Tom Cloud: When is a Kangaroo Better Than an Eagle?

By: John Rubino | Wed, Oct 10, 2012
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In this week's interview, gold dealer Tom Cloud of National Numismatic Associates explains why different one-ounce gold coins sometimes trade at very different prices, and how buyers can take advantage of these fluctuations.

DollarCollapse: Hi again, Tom. Let's start with your take on the action in the gold market. Looks like we're seeing a bit of a correction.

Tom Cloud: Our technical indicators have been pointing to a pullback before gold goes on to break $1,800. I don't think it'll take it out on the first try but it will soon. Then the next 50 or 70 dollars will come quickly.

DC: That implies another couple of dollars for silver, which would also be nice. In the meantime, let's cover something that baffles a lot of small precious metals investors: Gold is gold, but when we shop for one-ounce coins we're confronted with a range of prices for Gold Eagles, Krugerrands, Maple Leafs and the others. Since they all contain the same amount of gold, and none are rare collectibles, common sense would say that they should trade at the same price. But frequently they don't. Why is that?

TC: It's true that all the major one-ounce coins contain an ounce of gold. Some, like the Canadian Maple Leaf, Australian Kangaroo, and the Austrian Philharmonic are pure 24 carat gold. Gold Eagles and Krugerrands have alloys mixed in to make them more durable, so they're 22 carat gold rather than 24, and they're slightly bigger -- the Krugerrand's a little thicker and the Eagle is a little wider. But they all contain one ounce of gold.

The differences in market price come from the way they're sold. Countries make coins and sell them to wholesalers, who then sell to dealers. Both mark up the coins, and this combination of premiums and commissions is added to the spot price of the metal.

Now, every coin has a different market, no different than anything else, based on supply and demand. Market makers might deal in four or five different types of coins, and if they're getting more orders for one than another, they'll have different bid/ask spreads. There was a major, major order recently on Gold Eagles, millions of dollars, and the wholesalers started raising their bids to buy Gold Eagles, which caused the price to go up relative to the other coins.

On a smaller scale this happens all the time. I get wholesaler price sheets faxed to me every two or three days. Sometimes they'll drop their bid on a certain coin by $5 or $8 because have too many and don't want any more. Then you look at the next guy and he may be $5 or $8 higher because he needs it.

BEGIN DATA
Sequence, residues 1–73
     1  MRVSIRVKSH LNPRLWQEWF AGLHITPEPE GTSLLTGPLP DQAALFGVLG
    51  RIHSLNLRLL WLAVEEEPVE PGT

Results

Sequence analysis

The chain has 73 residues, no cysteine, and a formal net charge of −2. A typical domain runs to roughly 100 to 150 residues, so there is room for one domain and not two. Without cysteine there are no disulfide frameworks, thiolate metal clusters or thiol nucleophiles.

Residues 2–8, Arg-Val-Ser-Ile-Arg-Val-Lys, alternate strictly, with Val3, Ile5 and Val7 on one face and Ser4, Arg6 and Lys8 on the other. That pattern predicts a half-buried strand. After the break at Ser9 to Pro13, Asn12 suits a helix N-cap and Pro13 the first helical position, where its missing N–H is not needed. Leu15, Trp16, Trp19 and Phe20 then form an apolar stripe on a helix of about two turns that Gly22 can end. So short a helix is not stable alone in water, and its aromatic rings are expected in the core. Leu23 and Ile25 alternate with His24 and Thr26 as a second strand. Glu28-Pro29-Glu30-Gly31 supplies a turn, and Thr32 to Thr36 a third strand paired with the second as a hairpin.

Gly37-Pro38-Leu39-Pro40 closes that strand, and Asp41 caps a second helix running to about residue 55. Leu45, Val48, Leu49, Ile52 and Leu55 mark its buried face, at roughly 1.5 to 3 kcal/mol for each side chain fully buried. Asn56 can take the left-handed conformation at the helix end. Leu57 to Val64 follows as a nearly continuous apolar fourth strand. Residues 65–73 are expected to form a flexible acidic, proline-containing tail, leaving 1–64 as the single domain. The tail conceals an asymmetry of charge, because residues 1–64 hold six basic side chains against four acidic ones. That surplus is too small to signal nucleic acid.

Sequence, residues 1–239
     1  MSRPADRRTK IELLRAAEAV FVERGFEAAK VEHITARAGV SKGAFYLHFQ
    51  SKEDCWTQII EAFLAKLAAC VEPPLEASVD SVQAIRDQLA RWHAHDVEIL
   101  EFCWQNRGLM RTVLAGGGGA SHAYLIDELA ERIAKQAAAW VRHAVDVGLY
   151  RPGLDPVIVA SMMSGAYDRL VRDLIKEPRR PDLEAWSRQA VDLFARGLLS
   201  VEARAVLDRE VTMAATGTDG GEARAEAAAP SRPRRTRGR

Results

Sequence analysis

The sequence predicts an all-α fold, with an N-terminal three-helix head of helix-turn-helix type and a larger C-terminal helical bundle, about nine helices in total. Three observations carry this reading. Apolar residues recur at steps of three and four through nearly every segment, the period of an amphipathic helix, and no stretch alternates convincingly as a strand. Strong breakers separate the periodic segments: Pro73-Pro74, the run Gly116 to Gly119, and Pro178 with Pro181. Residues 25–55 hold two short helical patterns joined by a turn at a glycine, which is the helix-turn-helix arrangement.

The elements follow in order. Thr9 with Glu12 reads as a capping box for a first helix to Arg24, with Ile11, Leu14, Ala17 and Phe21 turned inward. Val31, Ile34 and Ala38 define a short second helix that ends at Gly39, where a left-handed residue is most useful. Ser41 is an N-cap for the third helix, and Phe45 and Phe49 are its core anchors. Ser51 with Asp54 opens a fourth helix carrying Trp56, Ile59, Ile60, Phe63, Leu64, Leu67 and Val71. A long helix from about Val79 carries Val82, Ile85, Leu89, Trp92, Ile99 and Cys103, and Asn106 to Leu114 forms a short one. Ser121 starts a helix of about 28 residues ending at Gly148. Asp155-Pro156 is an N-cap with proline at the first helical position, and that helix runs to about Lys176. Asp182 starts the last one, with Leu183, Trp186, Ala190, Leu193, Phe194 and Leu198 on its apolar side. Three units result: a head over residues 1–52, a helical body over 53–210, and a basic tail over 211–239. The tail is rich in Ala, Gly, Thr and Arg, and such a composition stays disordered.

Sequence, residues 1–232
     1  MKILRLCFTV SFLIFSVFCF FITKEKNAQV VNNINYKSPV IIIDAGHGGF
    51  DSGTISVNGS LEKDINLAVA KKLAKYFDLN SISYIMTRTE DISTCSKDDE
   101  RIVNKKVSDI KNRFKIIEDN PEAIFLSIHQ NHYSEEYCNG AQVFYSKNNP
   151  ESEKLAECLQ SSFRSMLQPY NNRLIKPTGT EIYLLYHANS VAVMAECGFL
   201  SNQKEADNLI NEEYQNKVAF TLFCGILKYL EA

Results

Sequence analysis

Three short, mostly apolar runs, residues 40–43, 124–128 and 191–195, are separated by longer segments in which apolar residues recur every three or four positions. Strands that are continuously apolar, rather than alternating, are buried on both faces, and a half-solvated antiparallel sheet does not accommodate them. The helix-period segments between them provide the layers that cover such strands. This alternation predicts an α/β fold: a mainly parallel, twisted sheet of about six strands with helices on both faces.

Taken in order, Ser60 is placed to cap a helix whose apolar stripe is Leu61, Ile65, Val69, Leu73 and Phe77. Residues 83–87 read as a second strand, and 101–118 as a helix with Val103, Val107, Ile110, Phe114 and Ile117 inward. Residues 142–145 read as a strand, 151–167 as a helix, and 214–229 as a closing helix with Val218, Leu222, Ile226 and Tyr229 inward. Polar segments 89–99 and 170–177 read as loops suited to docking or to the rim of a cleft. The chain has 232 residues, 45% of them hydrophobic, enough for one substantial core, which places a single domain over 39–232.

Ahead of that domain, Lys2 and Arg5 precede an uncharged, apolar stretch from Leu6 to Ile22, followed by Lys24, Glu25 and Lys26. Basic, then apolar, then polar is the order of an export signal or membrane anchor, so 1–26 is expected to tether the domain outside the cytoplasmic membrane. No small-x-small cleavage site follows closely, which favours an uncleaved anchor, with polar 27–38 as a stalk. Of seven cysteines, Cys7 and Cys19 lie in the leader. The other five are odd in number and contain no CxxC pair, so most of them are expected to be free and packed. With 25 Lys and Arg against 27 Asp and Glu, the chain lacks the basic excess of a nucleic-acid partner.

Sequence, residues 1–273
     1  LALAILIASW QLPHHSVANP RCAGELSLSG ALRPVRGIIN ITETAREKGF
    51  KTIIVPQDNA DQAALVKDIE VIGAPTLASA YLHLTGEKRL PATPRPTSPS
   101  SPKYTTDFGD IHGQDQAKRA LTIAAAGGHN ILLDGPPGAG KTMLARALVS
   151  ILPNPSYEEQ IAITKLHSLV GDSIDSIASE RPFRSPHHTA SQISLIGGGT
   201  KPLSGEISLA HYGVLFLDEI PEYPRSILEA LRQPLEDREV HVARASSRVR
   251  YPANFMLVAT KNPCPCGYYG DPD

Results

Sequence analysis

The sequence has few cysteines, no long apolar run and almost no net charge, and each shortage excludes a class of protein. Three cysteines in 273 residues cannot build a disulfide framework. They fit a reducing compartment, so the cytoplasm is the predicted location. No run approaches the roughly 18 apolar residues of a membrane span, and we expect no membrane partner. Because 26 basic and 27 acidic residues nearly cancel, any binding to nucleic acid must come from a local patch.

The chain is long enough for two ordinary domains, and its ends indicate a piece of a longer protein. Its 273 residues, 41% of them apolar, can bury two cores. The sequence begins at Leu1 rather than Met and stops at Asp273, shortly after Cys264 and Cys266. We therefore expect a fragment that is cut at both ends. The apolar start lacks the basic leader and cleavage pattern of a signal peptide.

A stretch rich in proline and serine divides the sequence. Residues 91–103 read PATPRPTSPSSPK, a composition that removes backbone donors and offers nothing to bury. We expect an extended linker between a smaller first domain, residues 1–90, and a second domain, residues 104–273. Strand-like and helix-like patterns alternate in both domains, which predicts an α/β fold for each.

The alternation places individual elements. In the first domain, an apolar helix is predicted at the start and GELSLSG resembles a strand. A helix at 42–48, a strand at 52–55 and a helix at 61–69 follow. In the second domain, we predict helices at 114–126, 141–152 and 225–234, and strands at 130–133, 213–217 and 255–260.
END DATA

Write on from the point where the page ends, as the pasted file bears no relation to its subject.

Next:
DC: Does it make sense for a buyer to ask their dealer to play this market?

TC: That's what a lot of my clients do. They'll call and ask if I have anything below its normal markup, and usually I do have something. Right now, for instance, Krugerrands, Kangaroos, Philharmonics and Maple Leafs are exactly the same price, while the Gold Eagle is about $20 more because other countries have dropped their premiums to match Canada's. So if you're looking for the most gold for your money, you'd buy one of the others and not Gold Eagles right now.

Another interesting example is the Austrian 100 Corona, a once-ounce coin that only has .9802 of gold in it, so its price is based on that weight. It was only made in Austria from 1908 to 1915, seven years. You go to Europe today and there are firms that sell the Corona as a semi-rare coin and you can see people waiting in line to buy those coins for 8, 10, 15 percent over the amount of gold in them because they figure with them being over 100 years old and in limited supply, they'll have two values, the bullion value and the collector value. But I buy those coins directly from a major outlet in Europe and have about $160,000 of them left that I can sell to clients at 2.75% over spot.

DC: Does it work the same way when a coin owner wants to sell?

Generally yes. You'll sell to a wholesaler on the bid side of the spread. But if you're dealing with me I can go back to the wholesaler and let's say he's charging 3% but is willing to pay 2% [over spot]. I'll give my client all the premium I can get for them over spot [without charging a sales commission]. So in the event, if a client paid 5.5% over spot for an Eagle and can sell it back for 2% he'd only need gold to rise by 3.5% to break even.



John Rubino

Author: John Rubino

John Rubino

John Rubino

John Rubino edits and has authored or co-authored five books, including The Money Bubble: What To Do Before It Pops, Clean Money: Picking Winners in the Green Tech Boom, The Collapse of the Dollar and How to Profit From It, and How to Profit from the Coming Real Estate Bust. After earning a Finance MBA from New York University, he spent the 1980s on Wall Street, as a currency trader, equity analyst and junk bond analyst. During the 1990s he was a featured columnist with and a frequent contributor to Individual Investor, Online Investor, and Consumers Digest, among many other publications. He now writes for CFA Magazine.

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